Sheila Ferrando:  Where is the film SOS – The San Onofre Syndrome currently being shown, and is anyone trying to stop this and why?

Mary Beth Brangan:  You mean stop the showing of the film?

Sheila Ferrando:  Have you been prevented anywhere from distributing information about nuclear consciousness?

Mary Beth Brangan:  No, we haven’t, thank goodness. And actually, though the purpose, well, we’re encouraging people to understand the risk of transportation so that they know that you can’t just ship it away and contaminate another site, which would normally be somewhere by people who were so poor that are politically disempowered that they couldn’t refuse to accept the waste.

James Heddle:   There’s a movement now for informed consent citing. That means they’re going to approach various communities and regions and say, wouldn’t you like to have this waste? We can pay you a lot of money, or we can do this or that for you. But it’s almost guaranteed to make targets out of the minority communities with much less political clout than other communities.

Sheila Ferrando:  Where is the film SOS – The San Onofre Syndrome currently being shown?

James Heddle:  Well, it received its world premier in Los Angeles at the Awareness Film Festival where it was awarded the Grand Jury Award for documentary features. That got us off to a great start and that stimulated a lot of interest. Just last night, we had a Zoom showing by an organization in Topanga Canyon, which was well received, and the fact the film was introduced by Dan Hirsch, one of the experts in the film, and also commented on by Harvey Wasserman, who is a longtime friend and lifetime nuclear safety advocate. So we have a wonderful team of impact producers. That’s the new designation for the enterprise of promoting the showing and awareness of films on social issues. So there’s a whole long list of future showings that is being developed in communities across the country, and it’s already been accepted into the Uranium Film Festival. It will be shown in Rio de Janeiro and Berlin, and at least 18 other cities across the United States in the coming year. So we’re very pleased with the reception, and so far we haven’t been attacked or prevented from disseminating our message, and we hope that it continues.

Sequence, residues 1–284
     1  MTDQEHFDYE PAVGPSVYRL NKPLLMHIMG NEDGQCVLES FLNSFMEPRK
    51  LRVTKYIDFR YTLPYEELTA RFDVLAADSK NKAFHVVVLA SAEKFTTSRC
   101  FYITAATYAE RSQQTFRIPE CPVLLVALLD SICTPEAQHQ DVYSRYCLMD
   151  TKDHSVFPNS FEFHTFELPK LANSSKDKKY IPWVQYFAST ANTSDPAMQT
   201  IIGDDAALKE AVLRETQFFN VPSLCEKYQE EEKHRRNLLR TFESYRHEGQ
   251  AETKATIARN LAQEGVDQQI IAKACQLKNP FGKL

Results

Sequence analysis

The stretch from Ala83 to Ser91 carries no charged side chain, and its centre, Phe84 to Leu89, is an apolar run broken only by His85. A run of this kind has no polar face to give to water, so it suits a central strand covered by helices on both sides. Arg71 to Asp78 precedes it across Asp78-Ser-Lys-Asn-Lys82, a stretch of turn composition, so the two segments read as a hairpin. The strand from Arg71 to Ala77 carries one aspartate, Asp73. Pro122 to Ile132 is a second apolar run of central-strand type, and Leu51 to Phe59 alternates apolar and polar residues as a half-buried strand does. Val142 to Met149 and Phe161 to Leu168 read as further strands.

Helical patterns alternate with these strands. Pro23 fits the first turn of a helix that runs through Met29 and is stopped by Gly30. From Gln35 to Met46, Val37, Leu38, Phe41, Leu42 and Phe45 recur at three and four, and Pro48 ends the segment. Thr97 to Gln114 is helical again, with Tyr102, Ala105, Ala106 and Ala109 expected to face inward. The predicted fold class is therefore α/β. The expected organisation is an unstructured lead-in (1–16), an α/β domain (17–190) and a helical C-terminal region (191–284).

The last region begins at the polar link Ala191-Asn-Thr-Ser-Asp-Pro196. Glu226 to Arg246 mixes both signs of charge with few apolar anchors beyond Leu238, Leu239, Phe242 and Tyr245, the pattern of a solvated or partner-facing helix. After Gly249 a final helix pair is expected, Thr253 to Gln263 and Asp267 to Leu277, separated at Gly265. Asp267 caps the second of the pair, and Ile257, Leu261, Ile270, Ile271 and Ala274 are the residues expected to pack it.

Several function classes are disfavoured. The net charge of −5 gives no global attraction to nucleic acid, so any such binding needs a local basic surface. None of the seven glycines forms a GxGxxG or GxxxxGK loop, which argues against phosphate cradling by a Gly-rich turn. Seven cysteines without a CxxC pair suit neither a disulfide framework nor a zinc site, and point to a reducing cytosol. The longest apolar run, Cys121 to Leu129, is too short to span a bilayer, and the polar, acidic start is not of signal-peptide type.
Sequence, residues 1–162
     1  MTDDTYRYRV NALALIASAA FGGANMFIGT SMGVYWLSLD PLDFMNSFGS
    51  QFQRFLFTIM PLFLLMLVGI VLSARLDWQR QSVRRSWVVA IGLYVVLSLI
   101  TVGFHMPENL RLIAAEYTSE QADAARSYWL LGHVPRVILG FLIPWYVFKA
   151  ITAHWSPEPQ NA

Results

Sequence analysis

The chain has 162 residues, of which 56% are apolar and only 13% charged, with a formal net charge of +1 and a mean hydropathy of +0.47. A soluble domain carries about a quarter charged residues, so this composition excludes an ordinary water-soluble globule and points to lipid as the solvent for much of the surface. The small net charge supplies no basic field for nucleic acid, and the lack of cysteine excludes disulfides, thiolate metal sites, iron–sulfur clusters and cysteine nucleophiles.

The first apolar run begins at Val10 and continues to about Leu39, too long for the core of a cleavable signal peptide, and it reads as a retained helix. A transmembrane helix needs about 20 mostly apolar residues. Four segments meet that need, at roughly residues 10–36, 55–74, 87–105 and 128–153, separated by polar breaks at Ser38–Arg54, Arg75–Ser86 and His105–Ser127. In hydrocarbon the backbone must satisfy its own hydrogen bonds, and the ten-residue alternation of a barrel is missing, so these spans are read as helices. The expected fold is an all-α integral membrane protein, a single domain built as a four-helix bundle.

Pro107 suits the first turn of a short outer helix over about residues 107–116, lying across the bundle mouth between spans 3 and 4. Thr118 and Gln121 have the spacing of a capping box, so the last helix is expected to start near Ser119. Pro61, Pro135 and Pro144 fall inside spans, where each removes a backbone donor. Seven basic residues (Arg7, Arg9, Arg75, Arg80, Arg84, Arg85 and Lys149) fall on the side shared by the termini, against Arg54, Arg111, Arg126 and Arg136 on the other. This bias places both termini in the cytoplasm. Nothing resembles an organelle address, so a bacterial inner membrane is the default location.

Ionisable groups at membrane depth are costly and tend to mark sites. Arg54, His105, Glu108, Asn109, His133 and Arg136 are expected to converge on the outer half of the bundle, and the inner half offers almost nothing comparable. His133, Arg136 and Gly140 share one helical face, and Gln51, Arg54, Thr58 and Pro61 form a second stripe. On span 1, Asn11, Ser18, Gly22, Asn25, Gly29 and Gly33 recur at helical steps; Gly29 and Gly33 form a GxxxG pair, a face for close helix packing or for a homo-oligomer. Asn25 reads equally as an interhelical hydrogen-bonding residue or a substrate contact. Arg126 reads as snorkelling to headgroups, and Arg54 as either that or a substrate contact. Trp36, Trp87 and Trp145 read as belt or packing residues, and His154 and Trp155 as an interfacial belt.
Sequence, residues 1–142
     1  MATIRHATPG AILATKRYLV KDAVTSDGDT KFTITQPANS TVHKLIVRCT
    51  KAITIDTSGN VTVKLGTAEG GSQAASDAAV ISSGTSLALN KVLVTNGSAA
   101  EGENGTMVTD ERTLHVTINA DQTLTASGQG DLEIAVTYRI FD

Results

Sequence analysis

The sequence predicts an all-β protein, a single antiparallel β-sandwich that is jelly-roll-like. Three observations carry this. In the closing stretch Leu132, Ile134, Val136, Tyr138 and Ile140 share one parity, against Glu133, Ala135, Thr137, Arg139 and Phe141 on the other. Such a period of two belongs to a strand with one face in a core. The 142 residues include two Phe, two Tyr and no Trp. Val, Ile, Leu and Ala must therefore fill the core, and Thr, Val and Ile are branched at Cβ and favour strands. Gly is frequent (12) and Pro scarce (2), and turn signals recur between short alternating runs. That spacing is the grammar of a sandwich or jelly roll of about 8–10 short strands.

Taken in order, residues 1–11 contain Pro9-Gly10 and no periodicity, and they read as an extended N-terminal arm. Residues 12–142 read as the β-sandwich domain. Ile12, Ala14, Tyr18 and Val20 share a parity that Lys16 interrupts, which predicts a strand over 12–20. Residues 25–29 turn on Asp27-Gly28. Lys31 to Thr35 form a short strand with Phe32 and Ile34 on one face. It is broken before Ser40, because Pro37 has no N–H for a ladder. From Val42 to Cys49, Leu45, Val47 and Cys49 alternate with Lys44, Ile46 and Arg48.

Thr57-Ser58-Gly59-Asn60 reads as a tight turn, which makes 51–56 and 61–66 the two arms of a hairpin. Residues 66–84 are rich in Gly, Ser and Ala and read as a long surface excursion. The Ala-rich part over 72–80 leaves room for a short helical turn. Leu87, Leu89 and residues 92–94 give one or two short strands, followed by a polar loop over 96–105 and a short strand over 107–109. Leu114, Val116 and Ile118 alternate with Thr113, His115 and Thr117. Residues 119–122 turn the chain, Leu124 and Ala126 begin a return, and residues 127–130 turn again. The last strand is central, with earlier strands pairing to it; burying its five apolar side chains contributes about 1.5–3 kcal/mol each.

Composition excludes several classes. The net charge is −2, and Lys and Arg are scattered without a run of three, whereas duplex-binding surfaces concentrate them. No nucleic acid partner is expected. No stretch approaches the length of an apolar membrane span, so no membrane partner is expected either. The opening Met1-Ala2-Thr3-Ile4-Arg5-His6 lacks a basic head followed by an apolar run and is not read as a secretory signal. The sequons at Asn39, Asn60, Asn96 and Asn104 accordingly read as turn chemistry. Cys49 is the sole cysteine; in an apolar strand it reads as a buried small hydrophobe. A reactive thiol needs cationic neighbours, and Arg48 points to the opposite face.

Mary Beth Brangan:  The politician who is in the area of San Clemente, [Democrat Mike Levin] he represents them in national Congress. He’s a proponent of moving it to other places, promising the local communities, oh, we’ll just get it out of here and we’ll put you on the top of the list to move it. He made a video to go with our documentary so he could put out his perspective, which is let’s move it out of here. Also, to promote building of small nuclear reactors. Everybody’s being polite and trying to coexist, but there’s a lot of differing opinions here that we’re encountering.

And even in the movement. Some people think it’s too dangerous to keep this waste on the surface of the planet and that it should be in holes in the ground, which it’s a real dilemma. Those in the Nuclear Safety Movement who hold that position think, well, it won’t be able to be repackaged after a while, and it will inevitably go critical because it’ll fall to the bottom of the canisters, cause another fission and maybe explosion. So that’s what we’re encountering now is that deep discussion. What would be the best way to handle this?

James Heddle:  And that is very gratifying for us because as I said, our main motivation is to trigger or catalyze a discussion of this very under-discussed issue.

Mary Beth Brangan:  But discuss from the point of a moral point of view, an ethical point of view, so that you’re considering if you move it, what are you doing? You’re risking people all along the transportation route and then the ultimate destination, of course, and you are increasing the contamination that way.

James Heddle:  We were really hoping that we will collectively discover the most ecologically, technologically, and morally or ethically effective way of dealing with this very serious ecological and really an existential problem.

Gordon Edwards:  Well, that’s fine. I just wanted to say that one of the positive things is that ethics and practicality sometimes are in conflict, but in the case of energy, renewable energy doesn’t create any new toxic materials. It’s already four times cheaper than nuclear and four times faster to deploy. And in fact, the International Energy Agency says that 90% of new electricity worldwide over the next five years will all be wind or solar. So this is a very positive outlook in the fact that we had transitioned to a truly renewable future which will not pose these dangers. Meanwhile, we just have to look after the problems that the industry has left us with. But let’s not go down that rabbit hole again.

Sheila Ferrando:  If our listeners wish to see the film SOS – The San Onofre Syndrome, where should they be?

Mary Beth Brangan:  They should send an inquiry to, and we would love to have more people showing it all over the world.

James Heddle:  That is our website. They can go there for much more information.

Mary Beth Brangan:

Sheila Ferrando:  Thank you for your interview today. You have been listening to Mary Beth Brangan, James Heddle, and Dr. Gordon Edwards speaking about nuclear energy, the nuclear problem, and SOS – The San Onofre Syndrome. I’m your host, Sheila Ferrando.PMocaMeccia

James Heddle and Mary Beth Brangan are co-founders of EON – the Ecological Options  Network.  The EON production SOS – The San Onofry Syndrome: Nuclear Power’s Legacy received it’s World Premier at the Awareness Film Festival in Los Angeles, CA October 10, 2023, where it won the Grand Jury Award for feature documentary.  SOS was directed by Heddle, Brangan and Morgan Peterson, who also served as editor.